Irish Pension Harboring Concerns Over ‘Quality of Governance’ at State Street

State Street's future as a passive manager for Ireland’s National Pensions Reserve Fund is still up in the air, the fund's former investment chief John Corrigan told a parliamentary committee.

(January 25, 2013) — John Corrigan, the former investment head of Ireland’s National Pensions Reserve Fund (NPRF), told a parliamentary committee that the fund is “concerned with the quality of governance within State Street.” 

State Street overcharged the pension fund for transition management services by an estimated €2.65 million (5.5 times the contractual fee), a governmental audit revealed in September. State Street has since reimbursed the NPRF its €2.65 million. NPRF dropped State Street as its transition manager, but has kept on the Boston-based firm as a passive manager. 

Corrigan, who now leads Ireland’s national debt office, told the Oireachtas Joint Committee on Finance, Public Expenditure and Reform that decisions on NPRF’s future relationship with State Street await the results of the Financial Services Authority’s (FSA) ongoing investigation. 

“We have no issue with the indexed funds which are managed in a separate business unit within State Street,” Corrigan said, “but we would be concerned with the quality of governance within State Street and other issues. To date, we only have the company’s account on which to rely and before we make any decision on the future basis of the relationship, if any, with State Street, we would wish to see the report from the regulator in the United Kingdom.” 

A spokesperson from State Street provided aiCIO with the following statement on the situation: “As previously discussed, this relates to a transition management matter that we self-reported to the FSA in September 2011. In a limited number of instances, we charged commissions on transition management mandates that were not consistent with our contractual agreements.”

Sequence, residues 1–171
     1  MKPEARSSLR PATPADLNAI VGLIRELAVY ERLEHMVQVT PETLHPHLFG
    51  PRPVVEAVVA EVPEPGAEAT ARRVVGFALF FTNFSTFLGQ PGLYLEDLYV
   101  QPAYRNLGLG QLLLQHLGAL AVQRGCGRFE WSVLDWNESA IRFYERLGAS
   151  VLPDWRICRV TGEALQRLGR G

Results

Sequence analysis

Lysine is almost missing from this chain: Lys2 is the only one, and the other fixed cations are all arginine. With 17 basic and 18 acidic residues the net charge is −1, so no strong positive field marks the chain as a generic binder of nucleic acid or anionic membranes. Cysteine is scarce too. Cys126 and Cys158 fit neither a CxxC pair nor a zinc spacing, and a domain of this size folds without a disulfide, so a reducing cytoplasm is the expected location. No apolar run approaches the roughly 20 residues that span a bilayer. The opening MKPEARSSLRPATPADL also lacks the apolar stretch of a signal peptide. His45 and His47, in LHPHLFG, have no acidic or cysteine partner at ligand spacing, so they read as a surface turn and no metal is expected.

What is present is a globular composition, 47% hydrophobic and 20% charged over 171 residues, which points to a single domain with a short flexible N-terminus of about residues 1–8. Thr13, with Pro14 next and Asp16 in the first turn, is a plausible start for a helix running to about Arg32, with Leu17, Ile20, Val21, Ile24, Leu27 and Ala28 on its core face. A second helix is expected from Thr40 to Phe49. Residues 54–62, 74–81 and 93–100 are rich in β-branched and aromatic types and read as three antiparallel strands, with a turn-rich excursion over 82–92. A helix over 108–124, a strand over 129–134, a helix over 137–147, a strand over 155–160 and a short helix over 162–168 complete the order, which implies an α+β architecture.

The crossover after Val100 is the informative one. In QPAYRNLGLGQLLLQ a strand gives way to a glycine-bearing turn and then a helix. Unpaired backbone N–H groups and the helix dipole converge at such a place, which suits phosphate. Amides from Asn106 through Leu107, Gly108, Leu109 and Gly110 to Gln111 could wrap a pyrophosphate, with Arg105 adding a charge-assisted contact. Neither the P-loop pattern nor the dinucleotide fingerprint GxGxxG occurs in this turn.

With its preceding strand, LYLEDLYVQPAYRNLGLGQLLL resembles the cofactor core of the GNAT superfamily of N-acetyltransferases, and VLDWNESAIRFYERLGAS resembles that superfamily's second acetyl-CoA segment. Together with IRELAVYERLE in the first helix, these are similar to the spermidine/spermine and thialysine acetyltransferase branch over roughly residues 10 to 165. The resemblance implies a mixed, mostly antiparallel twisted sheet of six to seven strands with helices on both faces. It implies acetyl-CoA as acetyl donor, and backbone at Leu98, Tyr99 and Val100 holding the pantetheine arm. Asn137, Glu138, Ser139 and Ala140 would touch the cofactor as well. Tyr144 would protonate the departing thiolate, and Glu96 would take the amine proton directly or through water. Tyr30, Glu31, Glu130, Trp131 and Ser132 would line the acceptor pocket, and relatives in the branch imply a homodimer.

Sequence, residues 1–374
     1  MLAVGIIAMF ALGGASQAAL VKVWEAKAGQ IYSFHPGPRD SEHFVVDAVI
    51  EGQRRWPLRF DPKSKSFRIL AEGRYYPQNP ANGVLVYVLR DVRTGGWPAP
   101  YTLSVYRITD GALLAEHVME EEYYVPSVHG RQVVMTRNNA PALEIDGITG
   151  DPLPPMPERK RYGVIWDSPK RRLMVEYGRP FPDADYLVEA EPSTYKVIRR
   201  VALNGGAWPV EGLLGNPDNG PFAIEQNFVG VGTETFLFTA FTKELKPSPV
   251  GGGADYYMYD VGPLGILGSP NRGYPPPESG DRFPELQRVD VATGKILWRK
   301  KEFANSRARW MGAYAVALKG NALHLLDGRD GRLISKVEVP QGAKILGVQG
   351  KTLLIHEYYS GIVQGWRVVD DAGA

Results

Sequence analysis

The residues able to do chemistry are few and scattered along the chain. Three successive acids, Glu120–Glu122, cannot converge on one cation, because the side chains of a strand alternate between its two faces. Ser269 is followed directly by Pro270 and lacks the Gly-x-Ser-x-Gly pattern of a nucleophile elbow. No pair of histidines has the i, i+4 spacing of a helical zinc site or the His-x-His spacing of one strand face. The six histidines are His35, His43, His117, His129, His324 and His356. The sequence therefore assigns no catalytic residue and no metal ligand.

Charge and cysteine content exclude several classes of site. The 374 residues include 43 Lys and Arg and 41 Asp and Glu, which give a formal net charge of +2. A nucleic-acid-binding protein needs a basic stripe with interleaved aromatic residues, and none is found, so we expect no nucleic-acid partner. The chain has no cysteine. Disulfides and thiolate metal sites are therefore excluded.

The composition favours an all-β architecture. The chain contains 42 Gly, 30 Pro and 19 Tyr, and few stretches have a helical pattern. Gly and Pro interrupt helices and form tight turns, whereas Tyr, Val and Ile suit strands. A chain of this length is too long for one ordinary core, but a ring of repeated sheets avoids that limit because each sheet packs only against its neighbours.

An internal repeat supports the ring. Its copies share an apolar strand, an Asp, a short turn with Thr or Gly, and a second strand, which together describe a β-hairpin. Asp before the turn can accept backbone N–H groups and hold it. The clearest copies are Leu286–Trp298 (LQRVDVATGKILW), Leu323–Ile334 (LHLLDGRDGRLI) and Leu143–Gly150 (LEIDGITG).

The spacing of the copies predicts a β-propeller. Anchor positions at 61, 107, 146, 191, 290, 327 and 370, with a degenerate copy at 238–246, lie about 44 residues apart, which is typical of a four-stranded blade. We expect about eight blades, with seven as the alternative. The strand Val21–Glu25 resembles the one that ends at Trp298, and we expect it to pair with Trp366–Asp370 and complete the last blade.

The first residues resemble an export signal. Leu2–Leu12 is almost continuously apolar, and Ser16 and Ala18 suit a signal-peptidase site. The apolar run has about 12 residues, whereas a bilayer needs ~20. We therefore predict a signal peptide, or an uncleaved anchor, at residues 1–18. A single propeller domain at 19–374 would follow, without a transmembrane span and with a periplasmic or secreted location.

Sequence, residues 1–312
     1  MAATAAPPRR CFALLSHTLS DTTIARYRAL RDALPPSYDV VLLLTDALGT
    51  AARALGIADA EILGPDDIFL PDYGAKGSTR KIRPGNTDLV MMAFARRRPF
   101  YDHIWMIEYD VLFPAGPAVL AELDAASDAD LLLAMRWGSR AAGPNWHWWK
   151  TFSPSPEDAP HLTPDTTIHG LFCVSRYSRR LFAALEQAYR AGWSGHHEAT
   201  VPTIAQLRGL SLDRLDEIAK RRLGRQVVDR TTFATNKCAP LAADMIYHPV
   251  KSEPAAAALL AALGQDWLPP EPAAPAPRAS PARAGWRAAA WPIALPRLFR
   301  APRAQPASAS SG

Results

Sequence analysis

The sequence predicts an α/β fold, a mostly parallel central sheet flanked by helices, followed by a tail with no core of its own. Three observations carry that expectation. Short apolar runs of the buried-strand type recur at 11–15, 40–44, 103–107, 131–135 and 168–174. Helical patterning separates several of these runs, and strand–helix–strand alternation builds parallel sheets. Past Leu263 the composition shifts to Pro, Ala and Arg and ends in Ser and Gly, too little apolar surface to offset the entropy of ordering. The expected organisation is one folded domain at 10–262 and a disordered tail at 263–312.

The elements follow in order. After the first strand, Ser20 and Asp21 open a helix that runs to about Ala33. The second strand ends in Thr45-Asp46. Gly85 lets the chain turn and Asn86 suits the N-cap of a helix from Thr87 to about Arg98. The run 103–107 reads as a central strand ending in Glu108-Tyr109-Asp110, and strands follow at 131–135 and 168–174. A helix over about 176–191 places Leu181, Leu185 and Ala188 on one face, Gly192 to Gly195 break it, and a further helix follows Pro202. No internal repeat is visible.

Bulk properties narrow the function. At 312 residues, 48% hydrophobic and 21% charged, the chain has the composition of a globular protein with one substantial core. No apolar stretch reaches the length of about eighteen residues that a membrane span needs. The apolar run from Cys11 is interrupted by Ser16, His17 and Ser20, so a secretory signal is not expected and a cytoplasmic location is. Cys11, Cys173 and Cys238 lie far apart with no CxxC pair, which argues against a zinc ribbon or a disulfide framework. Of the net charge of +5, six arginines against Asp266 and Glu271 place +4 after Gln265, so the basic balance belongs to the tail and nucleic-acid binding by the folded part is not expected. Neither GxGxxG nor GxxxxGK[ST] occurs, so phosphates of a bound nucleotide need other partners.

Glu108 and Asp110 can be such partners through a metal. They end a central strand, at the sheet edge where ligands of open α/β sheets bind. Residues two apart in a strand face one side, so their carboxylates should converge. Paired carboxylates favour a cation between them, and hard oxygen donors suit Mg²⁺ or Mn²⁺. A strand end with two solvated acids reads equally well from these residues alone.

Corrigan did not indicate when the FSA’s report will be released, but said that the regulator “was following the matter up as quickly as it could and would report on it.” Corrigan also explained that he and other members of the Committee of Public Accounts had written to the FSA “expressing the committee’s concern that the authority had not reported.” 

The National Treasury Management Agency originally became aware of the non-contractual fees when, Corrigan said, “it saw certain press reports which aroused suspicion and on foot of that, it became apparent that there were irregularities…There were certain staff in State Street who had been sacked, reportedly, and that set alarm bells off. We made inquiries, whilst reporting the matter to the Comptroller and Auditor General as our external auditor, as would be the right thing to do.” 

In addition the pension’s passive management relationship with State Street, the possibility of further financial settlement is also open, according to Corrigan. The committee’s chairman asked about “residual matters” related to State Street, and Corrigan replied, “We have been made good on the face losses that were incurred on the State Street transactions. We have accepted that money, but not on the basis of full and final settlement. The matter is still open in terms of seeking further remedies. We feel that it makes sense commercially to leave matters, just for the moment.”